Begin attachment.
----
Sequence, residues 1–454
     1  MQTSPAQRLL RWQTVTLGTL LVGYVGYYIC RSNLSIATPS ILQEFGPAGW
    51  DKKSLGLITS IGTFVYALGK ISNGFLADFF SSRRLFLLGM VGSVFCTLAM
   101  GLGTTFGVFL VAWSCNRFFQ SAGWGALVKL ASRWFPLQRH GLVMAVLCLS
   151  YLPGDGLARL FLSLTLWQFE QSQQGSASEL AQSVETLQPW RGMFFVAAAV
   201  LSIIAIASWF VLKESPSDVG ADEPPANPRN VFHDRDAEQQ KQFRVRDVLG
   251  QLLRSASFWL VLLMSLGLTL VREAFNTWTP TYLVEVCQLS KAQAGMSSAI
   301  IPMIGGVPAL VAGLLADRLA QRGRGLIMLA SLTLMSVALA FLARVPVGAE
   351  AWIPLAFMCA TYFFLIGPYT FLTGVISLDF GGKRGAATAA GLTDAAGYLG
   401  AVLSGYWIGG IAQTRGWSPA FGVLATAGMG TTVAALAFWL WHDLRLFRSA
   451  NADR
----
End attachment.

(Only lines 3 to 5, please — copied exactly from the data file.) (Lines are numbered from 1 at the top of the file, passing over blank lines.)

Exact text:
    51  DKKSLGLITS IGTFVYALGK ISNGFLADFF SSRRLFLLGM VGSVFCTLAM
   101  GLGTTFGVFL VAWSCNRFFQ SAGWGALVKL ASRWFPLQRH GLVMAVLCLS
   151  YLPGDGLARL FLSLTLWQFE QSQQGSASEL AQSVETLQPW RGMFFVAAAV